FAO Partnership Expands to Increase Country Office Internships
This summer the Food and Agriculture Organization offered several University of Minnesota (UMN) students internships at its country offices in Morocco, Rwanda, and Peru.
Five students from the School of Public Health (SPH) and the UMN law school gained valuable international experience and the opportunity to observe agriculture methods, systems of productions and Intergovernmental Organization’s operations in contexts vastly different than the U.S. through the continued partnership between FAO and UMN.
After years of successful FAO collaborations with Center of Animal Health and Food Safety’s Global Food Systems Leadership programs, an MOU between the University of Minnesota and the United Nations (UN) Food and Agriculture Organization (FAO) was signed in 2010. The shared commitment to a breadth of collaborations lead to the 2013 internship opportunities.
Teaona Hasbrouck, a SPH student specializing in environmental health services, was placed in the FAO’s Morroco office. She worked with a team at the Hassan II Agronomy and Veterinary Institute to assist with a web hub designed to connect farmers with research institutions and disseminate current agriculture information. The site is known as the Virtual Extension and Research Communication Network (VERCON).
In addition to the web hub assignment, Hasbrouck was given the opportunity to “harness a passion and create a self-inspired project.” Hasbrouck, who also works with the University of Minnesota Women’s Center, conducted research on Moroccan farmers and found that 57 percent are women. She provided FAO with recommendations to ensure that VERCON offered adequate online “productive resources, opportunities, and support services” to stakeholders of all genders. Hasbrouck was amazed to see “how one internship opportunity turned into an evolving landscape of lessons for my personal and professional life.”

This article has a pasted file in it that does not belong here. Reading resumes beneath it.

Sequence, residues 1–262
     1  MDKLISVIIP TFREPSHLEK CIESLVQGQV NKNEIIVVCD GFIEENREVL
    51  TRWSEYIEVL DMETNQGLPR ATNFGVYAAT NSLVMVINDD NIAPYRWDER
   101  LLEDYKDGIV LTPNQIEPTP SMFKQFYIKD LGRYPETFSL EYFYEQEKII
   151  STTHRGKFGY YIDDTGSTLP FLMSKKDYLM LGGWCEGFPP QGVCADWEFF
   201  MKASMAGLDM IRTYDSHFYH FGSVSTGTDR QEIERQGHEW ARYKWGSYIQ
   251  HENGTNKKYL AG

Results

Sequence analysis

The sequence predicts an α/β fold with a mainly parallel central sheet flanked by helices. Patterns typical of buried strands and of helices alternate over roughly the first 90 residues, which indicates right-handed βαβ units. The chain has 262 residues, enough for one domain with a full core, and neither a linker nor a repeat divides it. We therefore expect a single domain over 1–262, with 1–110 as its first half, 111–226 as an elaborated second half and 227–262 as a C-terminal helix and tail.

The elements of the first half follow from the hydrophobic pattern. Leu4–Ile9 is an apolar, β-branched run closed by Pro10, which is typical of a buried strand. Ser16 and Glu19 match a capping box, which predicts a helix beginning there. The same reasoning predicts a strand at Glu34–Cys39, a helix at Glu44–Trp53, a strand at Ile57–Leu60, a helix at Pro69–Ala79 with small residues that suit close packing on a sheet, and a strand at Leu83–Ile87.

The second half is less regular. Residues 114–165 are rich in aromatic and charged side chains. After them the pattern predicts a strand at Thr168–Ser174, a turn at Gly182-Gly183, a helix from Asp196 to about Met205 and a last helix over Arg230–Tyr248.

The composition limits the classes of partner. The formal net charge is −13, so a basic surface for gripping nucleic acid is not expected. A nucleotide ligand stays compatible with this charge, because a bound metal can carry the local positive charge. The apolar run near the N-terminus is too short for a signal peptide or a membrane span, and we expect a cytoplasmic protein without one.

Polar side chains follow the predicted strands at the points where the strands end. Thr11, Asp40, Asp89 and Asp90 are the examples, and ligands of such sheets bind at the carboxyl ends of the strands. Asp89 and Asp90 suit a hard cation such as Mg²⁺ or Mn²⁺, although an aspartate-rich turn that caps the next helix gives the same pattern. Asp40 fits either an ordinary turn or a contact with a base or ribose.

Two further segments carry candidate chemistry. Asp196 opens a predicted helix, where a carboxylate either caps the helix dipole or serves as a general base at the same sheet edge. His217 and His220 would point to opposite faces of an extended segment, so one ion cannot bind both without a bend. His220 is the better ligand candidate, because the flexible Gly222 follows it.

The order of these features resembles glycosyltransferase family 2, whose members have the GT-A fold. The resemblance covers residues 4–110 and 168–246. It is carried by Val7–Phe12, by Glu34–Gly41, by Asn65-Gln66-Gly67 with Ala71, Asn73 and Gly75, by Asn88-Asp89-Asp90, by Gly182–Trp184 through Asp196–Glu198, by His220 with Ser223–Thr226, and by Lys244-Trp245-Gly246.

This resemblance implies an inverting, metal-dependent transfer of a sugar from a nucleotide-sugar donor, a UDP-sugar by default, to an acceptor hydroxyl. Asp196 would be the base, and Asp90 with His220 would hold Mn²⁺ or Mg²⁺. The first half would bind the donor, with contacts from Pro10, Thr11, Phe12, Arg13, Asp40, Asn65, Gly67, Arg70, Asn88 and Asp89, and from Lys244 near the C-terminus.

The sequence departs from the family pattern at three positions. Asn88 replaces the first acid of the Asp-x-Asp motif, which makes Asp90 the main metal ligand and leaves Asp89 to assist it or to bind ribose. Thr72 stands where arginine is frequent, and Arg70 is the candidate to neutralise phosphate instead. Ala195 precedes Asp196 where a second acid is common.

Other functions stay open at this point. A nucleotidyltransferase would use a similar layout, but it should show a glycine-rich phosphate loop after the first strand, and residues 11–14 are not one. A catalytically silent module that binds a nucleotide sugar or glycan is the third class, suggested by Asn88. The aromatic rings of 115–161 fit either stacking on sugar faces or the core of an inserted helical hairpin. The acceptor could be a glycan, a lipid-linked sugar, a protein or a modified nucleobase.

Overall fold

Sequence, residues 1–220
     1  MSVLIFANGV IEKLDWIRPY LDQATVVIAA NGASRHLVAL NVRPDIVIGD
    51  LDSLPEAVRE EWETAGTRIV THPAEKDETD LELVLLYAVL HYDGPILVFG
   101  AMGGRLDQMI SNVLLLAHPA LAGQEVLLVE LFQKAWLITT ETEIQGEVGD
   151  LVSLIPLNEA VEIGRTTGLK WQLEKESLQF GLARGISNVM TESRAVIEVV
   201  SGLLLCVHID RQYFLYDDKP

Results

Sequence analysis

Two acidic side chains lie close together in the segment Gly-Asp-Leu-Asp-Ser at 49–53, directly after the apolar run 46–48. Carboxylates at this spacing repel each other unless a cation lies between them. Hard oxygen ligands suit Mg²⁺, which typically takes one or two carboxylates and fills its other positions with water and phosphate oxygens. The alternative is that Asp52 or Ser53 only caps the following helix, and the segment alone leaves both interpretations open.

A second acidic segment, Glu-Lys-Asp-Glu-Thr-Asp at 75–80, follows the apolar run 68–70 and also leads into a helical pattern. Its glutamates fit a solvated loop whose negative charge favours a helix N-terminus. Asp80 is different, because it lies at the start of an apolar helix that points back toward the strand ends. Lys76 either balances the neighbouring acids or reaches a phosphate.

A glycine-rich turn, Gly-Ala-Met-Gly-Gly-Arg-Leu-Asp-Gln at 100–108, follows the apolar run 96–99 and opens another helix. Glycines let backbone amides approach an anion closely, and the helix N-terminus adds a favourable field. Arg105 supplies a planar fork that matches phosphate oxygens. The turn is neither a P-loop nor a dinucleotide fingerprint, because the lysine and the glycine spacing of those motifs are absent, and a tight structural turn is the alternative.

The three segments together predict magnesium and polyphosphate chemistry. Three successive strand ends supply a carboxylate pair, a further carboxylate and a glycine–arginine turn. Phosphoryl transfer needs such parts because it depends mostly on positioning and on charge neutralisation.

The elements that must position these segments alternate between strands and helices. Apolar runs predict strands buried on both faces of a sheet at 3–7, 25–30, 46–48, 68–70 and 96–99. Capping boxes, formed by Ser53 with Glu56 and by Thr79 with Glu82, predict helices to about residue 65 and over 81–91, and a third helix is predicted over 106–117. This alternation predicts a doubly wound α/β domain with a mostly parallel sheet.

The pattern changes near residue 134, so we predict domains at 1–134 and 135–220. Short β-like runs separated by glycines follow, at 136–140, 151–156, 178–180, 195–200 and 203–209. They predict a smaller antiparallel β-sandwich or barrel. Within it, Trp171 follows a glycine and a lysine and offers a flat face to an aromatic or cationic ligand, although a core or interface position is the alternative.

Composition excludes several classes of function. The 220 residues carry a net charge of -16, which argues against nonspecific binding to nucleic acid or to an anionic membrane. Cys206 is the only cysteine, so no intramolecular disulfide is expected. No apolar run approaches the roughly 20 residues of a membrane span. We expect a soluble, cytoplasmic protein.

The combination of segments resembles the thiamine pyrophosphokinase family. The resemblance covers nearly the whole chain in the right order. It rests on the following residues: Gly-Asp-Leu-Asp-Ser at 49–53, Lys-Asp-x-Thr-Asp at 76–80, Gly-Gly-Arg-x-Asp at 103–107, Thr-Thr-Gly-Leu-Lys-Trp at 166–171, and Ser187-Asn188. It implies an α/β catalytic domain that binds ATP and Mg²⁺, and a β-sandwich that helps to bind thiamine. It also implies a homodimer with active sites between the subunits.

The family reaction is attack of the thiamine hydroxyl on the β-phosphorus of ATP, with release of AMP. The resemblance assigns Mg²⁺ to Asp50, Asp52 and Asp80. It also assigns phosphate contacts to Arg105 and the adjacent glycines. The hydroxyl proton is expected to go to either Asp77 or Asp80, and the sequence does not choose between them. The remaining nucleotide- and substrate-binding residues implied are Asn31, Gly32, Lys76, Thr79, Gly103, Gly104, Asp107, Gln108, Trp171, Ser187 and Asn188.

FAO’s interns in Rwanda were able to apply their academic interests to their internships. Spencer Peck, a UMN JD and Masters in Urban and Regional Planning candidate, focused on implementing the UN Convention to Combat Desertification as a Project Technical Assistant at FAO’s Kigali office. He worked with FAO officials to develop informational leaflets on the Kagera Transboundary Agro-ecosystem Management Project (TAMP). TAMP is designed to help Rwandan farmers utilize sustainable land management practices in order to preserve the Kagera River basin. Peck says that his experience “will be useful in future international development settings where cultural sensitivity, cross-disciplinary collaboration, and the ability to work within a complex bureaucratic and technical setting are necessary for success.”
Masters in Public Health student Michelle McGraw, worked out of FAO’s Kigali office. She served in a health communications capacity building role and was tasked with conducting a gap analysis and subsequently developing strategies to facilitate risk communication between the Kigali FAO office, the Rome FAO office, and other UN agencies. Her work culminated in a consultative report that advised FAO on how to maintain a steady line of contact between the organizations, thus expediting the dissemination of important public health and agricultural information. McGraw says that her risk communications coursework at SPH and her participation in CAHFS’ Engaging Intergovernmental Organizations (EIO) program laid a solid foundation for her communications work as well as her ability to serve as an effective liaison for an IGO.
The students agree that their internships allowed them to explore their professional interests, including public health, agriculture, and communications, while adapting to a unique cultural context. They also gained invaluable experience for their future career paths.